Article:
If you live in a large metropolitan city with easy access to public transportation, you’re familiar with the concept of turnstile jumping.
Kids and adults alike can be seen avoiding the fare by leaping over the turnstile and quickly running onto an arriving subway train.
In a bustling city full of busy riders, it’s bound to be the case that many jumpers do so without getting caught.
But, sometimes folks do have to face the music. According to DNA Info, turnstile jumping is actually the most common criminal offense in Manhattan, New York.
Because of this, in an effort to cut down on prosecutor costs, the Manhattan District Attorney Office has decided to ease up on the consequences of turnstile jumping and other non-violent misdemeanors such as possession of small amounts of crack, cocaine and oxycodone.
Before you get all excited that you'll never have to hand over your hard-earned money for train fare again, the MTA has said that offenders will still face $100 fines.
Prior to arraignment, the offenders may be offered a chance to take counseling sessions or another diversion program said Manhattan DA Cyrus Vance’s office.
Through this new effort, there will be about 10,000 fewer criminal turnstile jumping cases annually presented in Manhattan Criminal Court. Furthermore, thousands of New Yorkers who would have otherwise had criminal records will now not have them.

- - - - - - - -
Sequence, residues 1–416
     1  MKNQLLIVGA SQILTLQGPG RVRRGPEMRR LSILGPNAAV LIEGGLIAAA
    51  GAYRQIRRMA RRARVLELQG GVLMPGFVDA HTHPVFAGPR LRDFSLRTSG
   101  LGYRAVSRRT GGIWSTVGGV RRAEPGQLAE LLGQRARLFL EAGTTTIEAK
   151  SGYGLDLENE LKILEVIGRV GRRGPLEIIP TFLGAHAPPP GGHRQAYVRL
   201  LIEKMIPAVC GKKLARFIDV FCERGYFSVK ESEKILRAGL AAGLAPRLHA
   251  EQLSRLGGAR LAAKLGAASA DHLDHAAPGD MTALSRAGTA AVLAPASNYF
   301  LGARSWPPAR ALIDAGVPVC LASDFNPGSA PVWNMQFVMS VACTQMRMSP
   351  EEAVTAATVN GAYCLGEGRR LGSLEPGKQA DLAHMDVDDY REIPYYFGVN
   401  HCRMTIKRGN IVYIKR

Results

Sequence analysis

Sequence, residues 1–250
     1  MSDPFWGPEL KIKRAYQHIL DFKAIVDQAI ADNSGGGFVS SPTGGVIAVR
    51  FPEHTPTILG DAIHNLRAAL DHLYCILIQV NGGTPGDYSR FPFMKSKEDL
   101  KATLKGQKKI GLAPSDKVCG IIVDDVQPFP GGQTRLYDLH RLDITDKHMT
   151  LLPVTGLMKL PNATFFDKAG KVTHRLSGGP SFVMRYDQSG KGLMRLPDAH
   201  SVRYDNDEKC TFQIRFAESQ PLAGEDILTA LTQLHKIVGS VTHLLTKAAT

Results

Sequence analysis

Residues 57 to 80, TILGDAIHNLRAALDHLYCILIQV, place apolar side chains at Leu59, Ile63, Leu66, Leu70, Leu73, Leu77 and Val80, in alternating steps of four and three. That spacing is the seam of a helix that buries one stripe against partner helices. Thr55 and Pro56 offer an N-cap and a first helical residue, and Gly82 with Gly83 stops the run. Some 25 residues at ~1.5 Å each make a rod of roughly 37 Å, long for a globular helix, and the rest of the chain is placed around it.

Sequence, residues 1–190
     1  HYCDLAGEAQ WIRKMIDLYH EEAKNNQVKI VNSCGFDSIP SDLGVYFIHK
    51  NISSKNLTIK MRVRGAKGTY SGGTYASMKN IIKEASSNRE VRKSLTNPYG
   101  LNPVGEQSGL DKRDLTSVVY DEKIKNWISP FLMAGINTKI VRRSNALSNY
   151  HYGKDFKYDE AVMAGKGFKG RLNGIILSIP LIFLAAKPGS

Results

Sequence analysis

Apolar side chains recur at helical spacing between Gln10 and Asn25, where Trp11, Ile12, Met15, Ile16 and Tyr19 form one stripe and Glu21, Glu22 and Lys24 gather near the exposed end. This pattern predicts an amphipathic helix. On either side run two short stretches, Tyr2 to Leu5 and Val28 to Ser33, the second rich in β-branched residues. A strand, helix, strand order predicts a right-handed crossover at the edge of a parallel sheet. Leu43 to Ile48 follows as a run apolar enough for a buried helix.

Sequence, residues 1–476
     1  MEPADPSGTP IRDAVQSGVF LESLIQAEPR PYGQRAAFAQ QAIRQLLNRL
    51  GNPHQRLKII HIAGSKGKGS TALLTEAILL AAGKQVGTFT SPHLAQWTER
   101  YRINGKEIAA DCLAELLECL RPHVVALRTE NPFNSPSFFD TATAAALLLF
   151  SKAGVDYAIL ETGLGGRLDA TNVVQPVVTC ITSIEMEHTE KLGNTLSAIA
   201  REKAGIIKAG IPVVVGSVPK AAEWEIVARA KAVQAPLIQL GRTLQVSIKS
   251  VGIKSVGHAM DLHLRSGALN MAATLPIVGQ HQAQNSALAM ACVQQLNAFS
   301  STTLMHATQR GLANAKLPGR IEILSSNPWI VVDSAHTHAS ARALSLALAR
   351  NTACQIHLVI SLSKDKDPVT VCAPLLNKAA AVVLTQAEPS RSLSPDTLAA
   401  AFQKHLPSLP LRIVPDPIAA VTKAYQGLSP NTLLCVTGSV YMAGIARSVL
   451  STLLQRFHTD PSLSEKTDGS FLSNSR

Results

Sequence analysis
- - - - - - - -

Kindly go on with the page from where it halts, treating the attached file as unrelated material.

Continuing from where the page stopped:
"My office has worked with the NYPD and the Mayor’s Office of Criminal Justice to end the criminal prosecution of tens of thousands of low-level cases that needlessly bog down our Criminal Court and swell our City’s jail population," Vance said.
This is just the latest in a series of moves meant to reduce incarceration numbers by decriminalizing low-level offenses such as loitering, public urination and drinking in public.
In addition to reducing arrests, this move also destigmatizes those unable to afford MetroCards.
For some, turnstile jumping isn't about being a rebel or getting an adrenaline rush. State data show that 89 percent of turnstile-jumpers are black and Latino, a percentage that coincides with the racial disparity in terms of poverty.
There have been some efforts made to subsidize MetroCards for low-income New Yorkers such as “Fair Fares” and “Swipe it Forward” programs. Hopefully, those measure combined with this decriminalization move will aid in tearing down the systematic stigmas placed on those living in poverty.